How recognition schemes support positive mental health08.10.21
Director of Employee Wellbeing
When I look at our recognition product through the lens of psychology, I see quite clearly that above all, recognition is a wellbeing product.
When we get recognised by a colleague for something we’ve done, it shows us we are valued, and we are seen. As children, we need to feel valued so that we develop our sense of self. As adults, we still thrive on this kind of feedback. This reinforcement of positive self-worth and the validation we get from positive mirroring helps us to feel good about ourselves, but recognition also gives us a deep sense of meaning in our lives. When we have meaning in our lives, we flourish. When we don’t have meaning, we flounder, and that makes recognition a large contributor to positive mental health.
There is a neuroscientific link between gratitude and life satisfaction
As well as the mental health benefits of being recognised, there’s a lot of research showing that recognising others and showing appreciation for the people we work with helps to minimise negative habits in our lives and can even diminish negative self-talk.
Psychologists have found that when we express gratitude, it gives us the ability to override negative thoughts and wash away our concerns and stress. A recent Korean study found that appreciation and positive mental health correlate. Appreciation is a key component of our overall wellbeing.
We know that our lives need a lot more positive interactions than negative to counter the negative ones. When we take time to consider the help other people give us and recognise and appreciate them, the evidence shows that we ourselves start to benefit. Our joy increases, our life satisfaction improves. Not only do those who regularly appreciate others display more positive behaviours, empathy and generosity, but they also feel happier themselves.
Recognition works both ways
Traditionally seen as a top-down process, we’ve previously discussed how democratising the recognition process through peer-to-peer recognition creates an amazing impact on engagement and happiness. But what about recognition from the ground up; team members to their manager? Research has found that feeling appreciated at work correlates with managers’ positive personal and work-related outcomes. When managers are recognised and thanked by their teams, this positively influences their life satisfaction, general optimism, job satisfaction and helping behaviour. Recognising our bosses for their efforts in being a good boss creates a cycle of them becoming a better boss. The impact something as simple as recognition has on individuals, teams, leaders and organisations is fascinating.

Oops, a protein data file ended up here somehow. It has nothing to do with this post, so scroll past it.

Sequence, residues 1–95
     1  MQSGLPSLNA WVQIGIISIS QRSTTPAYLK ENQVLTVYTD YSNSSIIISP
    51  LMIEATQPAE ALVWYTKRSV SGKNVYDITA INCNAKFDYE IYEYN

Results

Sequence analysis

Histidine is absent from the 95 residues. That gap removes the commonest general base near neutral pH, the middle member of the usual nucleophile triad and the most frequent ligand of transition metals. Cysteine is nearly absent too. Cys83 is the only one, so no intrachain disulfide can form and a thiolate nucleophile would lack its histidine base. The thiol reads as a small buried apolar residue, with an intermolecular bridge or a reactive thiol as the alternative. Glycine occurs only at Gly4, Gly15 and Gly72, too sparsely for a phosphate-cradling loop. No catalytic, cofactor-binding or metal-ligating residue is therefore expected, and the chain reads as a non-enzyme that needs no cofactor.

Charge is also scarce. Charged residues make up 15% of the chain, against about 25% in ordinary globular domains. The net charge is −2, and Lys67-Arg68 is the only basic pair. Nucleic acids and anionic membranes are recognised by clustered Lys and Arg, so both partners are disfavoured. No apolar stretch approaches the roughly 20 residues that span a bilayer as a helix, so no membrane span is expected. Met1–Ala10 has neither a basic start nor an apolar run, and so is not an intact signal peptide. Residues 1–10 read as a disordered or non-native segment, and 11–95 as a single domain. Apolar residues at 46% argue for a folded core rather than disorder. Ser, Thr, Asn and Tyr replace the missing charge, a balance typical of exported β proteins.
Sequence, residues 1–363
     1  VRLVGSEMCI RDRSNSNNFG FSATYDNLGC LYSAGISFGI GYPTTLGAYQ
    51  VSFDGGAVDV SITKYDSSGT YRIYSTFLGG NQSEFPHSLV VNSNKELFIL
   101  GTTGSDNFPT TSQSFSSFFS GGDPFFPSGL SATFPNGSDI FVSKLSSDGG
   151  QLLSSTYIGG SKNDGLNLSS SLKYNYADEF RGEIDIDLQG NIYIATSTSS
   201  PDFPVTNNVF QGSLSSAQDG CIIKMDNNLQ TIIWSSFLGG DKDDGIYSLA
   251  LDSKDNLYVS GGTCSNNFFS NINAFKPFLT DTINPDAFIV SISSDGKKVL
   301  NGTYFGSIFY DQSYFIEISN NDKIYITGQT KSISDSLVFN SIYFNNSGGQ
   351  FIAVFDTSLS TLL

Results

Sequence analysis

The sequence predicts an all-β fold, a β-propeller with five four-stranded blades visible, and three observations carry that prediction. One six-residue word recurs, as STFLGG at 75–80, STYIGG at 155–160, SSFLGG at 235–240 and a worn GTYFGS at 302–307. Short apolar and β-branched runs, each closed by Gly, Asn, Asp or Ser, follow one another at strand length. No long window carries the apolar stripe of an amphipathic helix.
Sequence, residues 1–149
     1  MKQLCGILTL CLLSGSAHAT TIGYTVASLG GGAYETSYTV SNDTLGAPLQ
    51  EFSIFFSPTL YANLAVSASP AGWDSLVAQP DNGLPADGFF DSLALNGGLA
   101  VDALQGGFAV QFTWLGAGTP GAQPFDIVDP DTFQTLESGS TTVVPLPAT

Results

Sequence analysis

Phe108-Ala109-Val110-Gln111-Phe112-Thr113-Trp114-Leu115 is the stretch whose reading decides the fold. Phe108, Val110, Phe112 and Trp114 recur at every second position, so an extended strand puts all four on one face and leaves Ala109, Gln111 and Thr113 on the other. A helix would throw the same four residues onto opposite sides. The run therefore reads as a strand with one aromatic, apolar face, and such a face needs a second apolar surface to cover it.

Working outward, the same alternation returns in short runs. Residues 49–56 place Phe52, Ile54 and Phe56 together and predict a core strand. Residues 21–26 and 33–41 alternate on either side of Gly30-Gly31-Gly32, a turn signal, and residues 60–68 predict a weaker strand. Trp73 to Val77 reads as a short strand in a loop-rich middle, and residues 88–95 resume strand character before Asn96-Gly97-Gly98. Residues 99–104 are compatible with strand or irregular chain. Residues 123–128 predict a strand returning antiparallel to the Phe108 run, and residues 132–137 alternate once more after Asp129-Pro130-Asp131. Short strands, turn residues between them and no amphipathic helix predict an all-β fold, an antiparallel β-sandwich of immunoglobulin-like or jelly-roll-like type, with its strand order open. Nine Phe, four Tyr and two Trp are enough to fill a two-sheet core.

Recognition for mental health is evidence-based
I believe that recognition should be invested in as part of a wellbeing strategy. The evidence for the effectiveness of many wellbeing products – such as mental health apps – is limited, where recognition evidence isn’t. Reviewing almost 6,000 mental health apps, researchers said using these apps (as standalone interventions) cannot be recommended based on the existing levels of evidence. Meanwhile, the evidence of how recognition, appreciation and gratitude can positively influence mental health is vast, compelling, and most importantly, well-established.
Expressing gratitude and feeling appreciated are both incredibly important parts of our mental health. They underpin our social self-perceptions, our self-actualisation and our value as humans and the work we do. It also reinforces our self-belief and our feelings of competence, which is why it’s not surprising to see that recognition enhances productivity and performance.
A YouGov study looking at the appreciation key workers felt from their employers before and during the Covid-19 pandemic shows us the impact recognition can have. Before the pandemic, just 29% of logistic and retail workers said they were appreciated, alongside 44% of healthcare workers. However, during the pandemic these figures almost doubled. Because of the additional appreciation the pandemic brought upon these workers, between 36% and 50% say they feel their organisations have changed for the better in the long-term.
I’ve written a lot about what impact the long-lasting effects the pandemic will have on the mental health of employees, and how lack of investment in supporting employee wellbeing – over the next 5 years especially – will cause huge problems for organisations. Whatever your reason for implementing or considering a recognition scheme, I urge all employers to double down on their recognition efforts during this time. It’s been an incredibly challenging and taxing time for your people, and they need to know they are appreciated and valued now, more than any point in their careers.
Gethin is a psychology graduate who has been helping some of the world’s largest organisations to improve their employee experience and wellbeing for almost two decades. The last 9 years have been spent working as part of the senior leadership team here at Benefex. As a frequent writer and keynote speaker on employee experience and employee wellbeing, Gethin has been featured in The Guardian, The Huffington Post and The Financial Times as well as major HR, Reward and Pensions publications. Gethin is also a founding member of the Engage for Success Wellbeing Thought Action Group, is listed on the Employee Engagement Powerlist and is one of the world’s Top 1010 Employee Engagement Influencers.
In 2018, Gethin published his first book – the award winning HR bestseller ‘A World of Good: Lessons From Around the World in Improving the Employee Experience’, which has gone on to inspire HR and Reward teams at some of the world’s best-known brands.